View Full Version : Help! Questions re supports & supplies

01-29-2002, 12:25 PM
Canvas sold in rolls: is it sold primed side inside, or primed side out? I'm starting to make a bunch of panels, and I'm pretty sure it's primed inside, but I want to be CERTAIN.

Student vs. Artist grade oil paints: what are the considerations about deciding when to upgrade? It was easy with watercolor, when I couldn't get even washes, rich colors, etc. with the student grade, so fairly early on I switched and the difference was huge. But so far, I'm satisfied with student grade oils. Should I switch before starting to sell my work, or wait until it starts to sell regularly (which could be six months, or could be 5 years)? I know the artist grade is more permanent, but, realistically, my work isn't going to hang on museum walls any day soon. Is the variability in permanence between decades and centuries, or between years and centuries? Taking into account the price differential between work sold by beginners as opposed to that sold by established professionals, is there an ethical issue involved in choice of paint (for the artist starting out), or is it more a question of the workability of the paint for the artist?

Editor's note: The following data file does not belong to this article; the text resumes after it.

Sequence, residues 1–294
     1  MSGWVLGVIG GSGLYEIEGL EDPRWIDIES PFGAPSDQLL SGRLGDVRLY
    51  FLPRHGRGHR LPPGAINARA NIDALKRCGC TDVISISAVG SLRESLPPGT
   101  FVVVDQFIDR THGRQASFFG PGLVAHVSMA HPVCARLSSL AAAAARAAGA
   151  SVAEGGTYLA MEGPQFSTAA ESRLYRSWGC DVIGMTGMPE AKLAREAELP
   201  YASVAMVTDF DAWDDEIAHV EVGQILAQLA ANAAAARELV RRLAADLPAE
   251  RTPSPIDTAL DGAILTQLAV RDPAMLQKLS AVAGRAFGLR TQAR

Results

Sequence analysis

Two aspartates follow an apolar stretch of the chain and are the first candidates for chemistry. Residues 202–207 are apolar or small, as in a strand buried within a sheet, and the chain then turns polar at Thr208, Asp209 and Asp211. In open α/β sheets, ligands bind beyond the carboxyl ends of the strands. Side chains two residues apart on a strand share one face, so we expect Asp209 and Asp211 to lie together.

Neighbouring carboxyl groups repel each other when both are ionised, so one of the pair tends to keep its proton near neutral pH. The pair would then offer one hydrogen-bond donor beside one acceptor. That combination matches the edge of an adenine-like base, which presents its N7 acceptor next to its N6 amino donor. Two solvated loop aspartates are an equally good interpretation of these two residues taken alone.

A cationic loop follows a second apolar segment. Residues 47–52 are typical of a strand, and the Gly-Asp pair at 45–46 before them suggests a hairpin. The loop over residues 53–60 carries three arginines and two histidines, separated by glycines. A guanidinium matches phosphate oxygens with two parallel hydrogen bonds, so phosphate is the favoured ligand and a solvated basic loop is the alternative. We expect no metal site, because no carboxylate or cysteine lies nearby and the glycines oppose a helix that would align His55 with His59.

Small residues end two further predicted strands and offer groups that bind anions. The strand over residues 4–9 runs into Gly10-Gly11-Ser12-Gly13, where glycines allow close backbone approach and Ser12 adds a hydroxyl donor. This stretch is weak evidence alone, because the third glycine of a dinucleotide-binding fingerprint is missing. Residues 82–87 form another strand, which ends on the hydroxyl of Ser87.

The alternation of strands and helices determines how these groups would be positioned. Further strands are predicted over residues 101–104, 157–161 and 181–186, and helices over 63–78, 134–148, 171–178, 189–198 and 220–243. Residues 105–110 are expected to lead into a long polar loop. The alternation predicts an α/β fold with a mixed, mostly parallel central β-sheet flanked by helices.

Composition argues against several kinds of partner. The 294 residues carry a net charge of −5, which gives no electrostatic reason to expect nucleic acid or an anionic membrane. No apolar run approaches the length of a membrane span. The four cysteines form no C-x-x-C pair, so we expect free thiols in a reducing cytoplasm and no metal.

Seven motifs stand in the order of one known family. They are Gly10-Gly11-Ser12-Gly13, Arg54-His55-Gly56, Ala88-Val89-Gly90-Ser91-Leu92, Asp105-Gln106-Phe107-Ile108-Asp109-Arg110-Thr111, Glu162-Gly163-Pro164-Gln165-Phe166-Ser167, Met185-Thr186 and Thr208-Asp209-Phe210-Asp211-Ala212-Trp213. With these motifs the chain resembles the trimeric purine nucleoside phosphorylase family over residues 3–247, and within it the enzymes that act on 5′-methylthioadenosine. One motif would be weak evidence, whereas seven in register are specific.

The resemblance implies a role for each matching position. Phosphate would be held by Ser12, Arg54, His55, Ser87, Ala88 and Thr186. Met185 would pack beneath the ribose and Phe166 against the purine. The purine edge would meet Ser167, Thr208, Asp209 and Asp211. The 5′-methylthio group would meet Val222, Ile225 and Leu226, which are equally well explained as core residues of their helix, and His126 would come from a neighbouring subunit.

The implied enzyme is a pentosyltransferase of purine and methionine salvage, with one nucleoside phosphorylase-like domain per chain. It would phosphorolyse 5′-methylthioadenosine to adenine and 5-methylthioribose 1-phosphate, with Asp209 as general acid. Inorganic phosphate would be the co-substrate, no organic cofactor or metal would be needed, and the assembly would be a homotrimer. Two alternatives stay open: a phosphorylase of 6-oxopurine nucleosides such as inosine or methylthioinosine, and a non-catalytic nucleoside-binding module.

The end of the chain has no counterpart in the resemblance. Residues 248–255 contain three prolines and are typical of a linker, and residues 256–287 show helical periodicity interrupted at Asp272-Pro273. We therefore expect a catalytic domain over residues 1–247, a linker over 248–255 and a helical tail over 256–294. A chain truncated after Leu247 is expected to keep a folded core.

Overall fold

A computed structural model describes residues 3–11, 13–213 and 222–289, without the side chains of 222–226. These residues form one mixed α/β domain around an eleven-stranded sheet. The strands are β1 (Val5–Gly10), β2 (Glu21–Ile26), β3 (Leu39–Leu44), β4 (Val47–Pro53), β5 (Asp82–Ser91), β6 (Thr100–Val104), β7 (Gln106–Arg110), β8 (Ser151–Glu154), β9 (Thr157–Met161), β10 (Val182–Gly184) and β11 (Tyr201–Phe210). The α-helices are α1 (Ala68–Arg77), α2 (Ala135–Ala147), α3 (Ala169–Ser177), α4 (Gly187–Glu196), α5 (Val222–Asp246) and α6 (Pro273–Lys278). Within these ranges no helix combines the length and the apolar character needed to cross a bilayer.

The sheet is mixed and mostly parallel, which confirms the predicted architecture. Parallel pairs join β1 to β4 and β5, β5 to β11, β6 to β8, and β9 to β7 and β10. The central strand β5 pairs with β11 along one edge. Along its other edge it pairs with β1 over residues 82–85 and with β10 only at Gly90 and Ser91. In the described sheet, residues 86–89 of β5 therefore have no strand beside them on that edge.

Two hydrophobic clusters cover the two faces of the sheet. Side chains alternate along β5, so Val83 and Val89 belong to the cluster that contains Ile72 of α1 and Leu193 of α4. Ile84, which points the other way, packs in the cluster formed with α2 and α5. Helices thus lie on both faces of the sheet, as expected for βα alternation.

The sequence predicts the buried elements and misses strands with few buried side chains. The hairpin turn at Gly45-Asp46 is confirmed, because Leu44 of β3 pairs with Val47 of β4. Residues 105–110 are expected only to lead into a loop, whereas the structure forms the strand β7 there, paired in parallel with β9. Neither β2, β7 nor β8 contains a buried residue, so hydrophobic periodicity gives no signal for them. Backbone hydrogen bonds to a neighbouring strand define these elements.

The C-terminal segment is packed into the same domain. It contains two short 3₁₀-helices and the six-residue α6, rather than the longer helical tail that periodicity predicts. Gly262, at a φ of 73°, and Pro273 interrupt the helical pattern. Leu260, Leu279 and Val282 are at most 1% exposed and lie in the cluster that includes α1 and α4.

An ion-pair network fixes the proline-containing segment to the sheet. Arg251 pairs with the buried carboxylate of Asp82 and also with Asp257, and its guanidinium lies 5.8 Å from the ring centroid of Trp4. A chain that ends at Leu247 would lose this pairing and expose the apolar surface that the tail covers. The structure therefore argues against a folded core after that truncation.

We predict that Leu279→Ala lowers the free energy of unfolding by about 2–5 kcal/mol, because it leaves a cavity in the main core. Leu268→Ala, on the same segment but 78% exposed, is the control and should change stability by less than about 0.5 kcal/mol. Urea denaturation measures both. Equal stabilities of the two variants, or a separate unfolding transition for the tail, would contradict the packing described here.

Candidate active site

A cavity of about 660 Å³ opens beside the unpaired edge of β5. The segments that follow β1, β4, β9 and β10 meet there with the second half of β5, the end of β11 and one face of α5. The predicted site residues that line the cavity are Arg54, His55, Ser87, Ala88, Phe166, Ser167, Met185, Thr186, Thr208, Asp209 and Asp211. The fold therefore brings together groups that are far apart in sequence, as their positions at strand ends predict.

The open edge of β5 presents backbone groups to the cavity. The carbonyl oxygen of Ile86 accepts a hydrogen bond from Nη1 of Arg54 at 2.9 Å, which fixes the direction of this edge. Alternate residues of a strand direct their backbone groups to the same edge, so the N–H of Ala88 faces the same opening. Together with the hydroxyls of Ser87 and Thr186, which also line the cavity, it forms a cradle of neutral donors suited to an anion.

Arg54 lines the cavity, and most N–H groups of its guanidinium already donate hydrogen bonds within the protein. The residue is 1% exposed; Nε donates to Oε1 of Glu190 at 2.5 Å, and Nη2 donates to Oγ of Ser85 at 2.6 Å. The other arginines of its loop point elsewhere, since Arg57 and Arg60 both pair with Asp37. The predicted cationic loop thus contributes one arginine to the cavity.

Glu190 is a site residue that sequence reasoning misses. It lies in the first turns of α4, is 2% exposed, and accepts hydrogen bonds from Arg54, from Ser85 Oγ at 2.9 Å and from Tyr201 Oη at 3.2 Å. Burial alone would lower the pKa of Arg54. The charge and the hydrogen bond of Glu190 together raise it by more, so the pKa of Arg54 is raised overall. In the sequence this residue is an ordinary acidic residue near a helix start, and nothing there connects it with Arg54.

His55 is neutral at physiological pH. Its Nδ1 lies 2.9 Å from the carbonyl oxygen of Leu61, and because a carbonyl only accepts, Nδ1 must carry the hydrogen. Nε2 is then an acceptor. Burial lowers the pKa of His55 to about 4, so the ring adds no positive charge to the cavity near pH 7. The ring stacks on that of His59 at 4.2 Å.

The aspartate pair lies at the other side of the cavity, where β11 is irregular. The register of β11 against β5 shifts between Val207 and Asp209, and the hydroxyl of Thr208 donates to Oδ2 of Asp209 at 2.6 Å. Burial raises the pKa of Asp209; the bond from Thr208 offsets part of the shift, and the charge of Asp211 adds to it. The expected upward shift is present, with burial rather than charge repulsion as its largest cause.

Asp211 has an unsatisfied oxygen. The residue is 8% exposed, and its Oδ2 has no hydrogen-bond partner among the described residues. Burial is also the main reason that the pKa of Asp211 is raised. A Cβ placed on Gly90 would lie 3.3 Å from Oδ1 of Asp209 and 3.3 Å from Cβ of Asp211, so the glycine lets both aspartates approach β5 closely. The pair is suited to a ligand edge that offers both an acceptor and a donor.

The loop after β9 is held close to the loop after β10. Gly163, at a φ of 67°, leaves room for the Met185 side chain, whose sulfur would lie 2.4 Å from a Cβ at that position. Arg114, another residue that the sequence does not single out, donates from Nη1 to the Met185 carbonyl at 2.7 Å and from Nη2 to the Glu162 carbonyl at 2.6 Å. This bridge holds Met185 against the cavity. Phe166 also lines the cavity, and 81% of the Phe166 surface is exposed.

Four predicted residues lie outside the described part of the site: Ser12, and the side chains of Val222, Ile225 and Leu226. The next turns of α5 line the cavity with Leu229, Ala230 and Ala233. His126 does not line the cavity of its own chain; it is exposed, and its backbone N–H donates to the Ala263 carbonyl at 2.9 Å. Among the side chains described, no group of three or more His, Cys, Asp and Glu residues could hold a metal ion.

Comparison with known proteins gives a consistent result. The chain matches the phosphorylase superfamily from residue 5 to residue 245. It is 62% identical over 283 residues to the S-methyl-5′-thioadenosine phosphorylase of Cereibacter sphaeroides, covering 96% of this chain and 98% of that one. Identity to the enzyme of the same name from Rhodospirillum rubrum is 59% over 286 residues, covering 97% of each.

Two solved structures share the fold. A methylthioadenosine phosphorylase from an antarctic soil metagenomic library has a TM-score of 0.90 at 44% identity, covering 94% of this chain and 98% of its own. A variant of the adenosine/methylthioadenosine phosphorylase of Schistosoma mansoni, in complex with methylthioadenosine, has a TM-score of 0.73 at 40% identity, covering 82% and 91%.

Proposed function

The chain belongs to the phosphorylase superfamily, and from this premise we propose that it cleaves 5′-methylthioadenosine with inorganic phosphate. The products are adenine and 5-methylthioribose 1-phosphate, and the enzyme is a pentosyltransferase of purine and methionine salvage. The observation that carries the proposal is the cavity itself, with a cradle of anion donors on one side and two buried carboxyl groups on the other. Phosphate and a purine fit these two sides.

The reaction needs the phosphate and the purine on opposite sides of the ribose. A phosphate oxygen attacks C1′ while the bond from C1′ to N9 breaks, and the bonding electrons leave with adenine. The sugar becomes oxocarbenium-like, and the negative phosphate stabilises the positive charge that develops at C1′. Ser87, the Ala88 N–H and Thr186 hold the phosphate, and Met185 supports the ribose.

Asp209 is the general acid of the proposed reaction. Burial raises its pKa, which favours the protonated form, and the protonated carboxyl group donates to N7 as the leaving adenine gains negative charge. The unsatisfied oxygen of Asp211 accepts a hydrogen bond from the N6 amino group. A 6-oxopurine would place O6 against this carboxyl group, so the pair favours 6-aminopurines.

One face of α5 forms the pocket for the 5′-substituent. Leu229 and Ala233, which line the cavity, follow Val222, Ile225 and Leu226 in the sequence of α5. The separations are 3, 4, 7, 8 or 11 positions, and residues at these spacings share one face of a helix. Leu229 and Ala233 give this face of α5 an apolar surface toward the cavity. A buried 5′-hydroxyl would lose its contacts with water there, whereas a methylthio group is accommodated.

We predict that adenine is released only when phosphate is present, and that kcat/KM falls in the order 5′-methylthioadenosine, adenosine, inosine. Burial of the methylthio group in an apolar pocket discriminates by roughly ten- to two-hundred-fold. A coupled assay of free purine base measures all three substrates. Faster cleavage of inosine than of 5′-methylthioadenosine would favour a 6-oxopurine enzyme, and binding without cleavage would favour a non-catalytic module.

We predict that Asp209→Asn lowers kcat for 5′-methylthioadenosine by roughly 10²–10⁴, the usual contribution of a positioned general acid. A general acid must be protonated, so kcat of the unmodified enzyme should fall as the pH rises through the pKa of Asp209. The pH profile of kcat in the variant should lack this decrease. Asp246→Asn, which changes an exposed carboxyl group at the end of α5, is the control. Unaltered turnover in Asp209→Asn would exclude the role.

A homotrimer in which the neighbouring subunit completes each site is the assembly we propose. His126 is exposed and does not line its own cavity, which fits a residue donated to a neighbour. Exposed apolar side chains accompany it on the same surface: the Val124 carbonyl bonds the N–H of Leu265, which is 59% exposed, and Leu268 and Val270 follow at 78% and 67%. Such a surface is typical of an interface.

I would really like to hear a range of opinions on this-- thanks in advance for the input!

Scott Methvin
01-29-2002, 03:49 PM
Canvas usually is rolled up with the primed side in and unprimed out. (To protect the painting surface, I reckon.) If you ever have to roll a finished painted canvas, it should be the opposite way and on a large cylinder-not tight.

Student grade paint is not as expensive as the good stuff for a reason. It is loaded with fillers, extenders and blends. the pigments are also not used in the same amounts. They are meant to be used in "practice" sketches and for temporary use.

Like most things in life, you get what you pay for.

G.L. Hoff
01-29-2002, 05:12 PM
[i]Student vs. Artist grade oil paints: what are the considerations about deciding when to upgrade? [/B]

I had a similar experience to yours with student grade watercolors. The same sorts of considerations apply to using higher grade oil paint. An analogy: years ago when I started skiing, I asked my instructor why I had to buy really expensive boots. He said simply that I would ski better, quicker, with the best quality equipment. Duh. In retrospect, I ought to have known that.

It's less the permanence of the paint than it is being able to achieve the results (color, paint handling, mixability, intense chroma, etc, etc) you want. So my motto is "use the highest quality materials you can afford."

01-29-2002, 08:53 PM
Thanks for the input, folks.